What Is Psoriasis?
Psoriasis is an autoimmune disease that causes skin cells to multiply up to 10 times faster than normal. Symptoms most commonly occur in cycles, flaring for a few weeks or months, then subsiding or going into remission; however, it may also be monophasic, meaning symptoms only occur once.
There is a wide spectrum of severity and manifestations of psoriasis. Common symptoms of psoriasis include the following:
- Red patches of skin covered with thick, silvery scales
- Dry, cracked skin that may bleed or itch
- Small, scaly spots (commonly seen in children)
- Itching, burning or soreness
- Thick, pitted or ridged nails
- Swollen, stiff joints
Psoriasis may present as pin-sized spots or large plaques. Eruptions may be localized to small areas, like the palms of the hands and soles of the feet, or may be widespread and cover most of the body. Sometimes, the swollen and stiff joints that occur due to psoriatic arthritis are the first and only sign of psoriasis. There are other symptoms associated with certain types of psoriasis:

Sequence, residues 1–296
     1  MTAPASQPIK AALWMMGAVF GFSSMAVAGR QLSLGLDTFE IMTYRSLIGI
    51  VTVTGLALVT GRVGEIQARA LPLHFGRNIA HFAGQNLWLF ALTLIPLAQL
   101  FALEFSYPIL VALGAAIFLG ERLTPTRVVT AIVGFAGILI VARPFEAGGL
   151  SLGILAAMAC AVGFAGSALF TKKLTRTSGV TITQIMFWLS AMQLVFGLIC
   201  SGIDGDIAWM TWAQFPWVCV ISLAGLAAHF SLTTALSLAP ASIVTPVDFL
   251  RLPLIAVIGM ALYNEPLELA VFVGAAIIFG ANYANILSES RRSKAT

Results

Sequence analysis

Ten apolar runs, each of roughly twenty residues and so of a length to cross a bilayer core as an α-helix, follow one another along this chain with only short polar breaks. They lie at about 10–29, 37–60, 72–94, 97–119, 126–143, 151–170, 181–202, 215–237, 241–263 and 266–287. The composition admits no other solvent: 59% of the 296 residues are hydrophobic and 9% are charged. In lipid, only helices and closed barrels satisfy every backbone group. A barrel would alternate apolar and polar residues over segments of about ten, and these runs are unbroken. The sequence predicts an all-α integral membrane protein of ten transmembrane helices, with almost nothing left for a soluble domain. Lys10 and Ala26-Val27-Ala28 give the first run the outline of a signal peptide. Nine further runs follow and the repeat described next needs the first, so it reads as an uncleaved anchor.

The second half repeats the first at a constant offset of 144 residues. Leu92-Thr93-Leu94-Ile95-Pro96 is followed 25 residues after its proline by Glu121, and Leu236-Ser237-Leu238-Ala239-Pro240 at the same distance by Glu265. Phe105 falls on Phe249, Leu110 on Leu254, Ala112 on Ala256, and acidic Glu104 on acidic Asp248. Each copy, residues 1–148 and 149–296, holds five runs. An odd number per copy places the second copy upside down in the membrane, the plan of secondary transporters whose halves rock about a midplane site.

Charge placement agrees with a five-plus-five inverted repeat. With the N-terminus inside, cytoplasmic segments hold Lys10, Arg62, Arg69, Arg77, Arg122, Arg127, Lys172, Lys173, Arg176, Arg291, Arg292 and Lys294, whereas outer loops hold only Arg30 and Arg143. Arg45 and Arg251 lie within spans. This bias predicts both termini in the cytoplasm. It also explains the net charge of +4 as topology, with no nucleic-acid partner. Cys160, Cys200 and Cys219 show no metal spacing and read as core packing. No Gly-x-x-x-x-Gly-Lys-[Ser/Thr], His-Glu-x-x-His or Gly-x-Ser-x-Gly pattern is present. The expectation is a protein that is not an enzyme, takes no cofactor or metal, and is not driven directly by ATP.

- Pustular psoriasis is characterized by small, pus-filled bumps (pustules) on the skin.
- Erythrodermic psoriasis is characterized by a peeling, extensive red rash.
Psoriasis is thought to be caused by a dysfunction of both the innate immune system and the acquired immune system, which makes it an autoimmune disease with autoinflammatory components. The innate immune system serves as the body’s first line of defense against pathogens. The acquired immune system takes over if the innate immune system is unable to destroy a pathogen.
Mistaking healthy cells for pathogens occurs with all autoimmune diseases. With psoriasis, the immune system mistakenly attacks healthy skin cells. Psoriasis is often triggered or exacerbated by infections and often runs in families, characteristics common of autoinflammatory diseases.
The following factors are associated with an increased risk of developing psoriasis:
- Family history of psoriasis
- Recent bacterial, viral or fungal infection
- Smoking or alcohol abuse
- Certain medication (e.g., antimalarial, beta blockers, etc.) use
- Injury to the skin, such as a cut or severe burn
- A preexisting autoimmune disease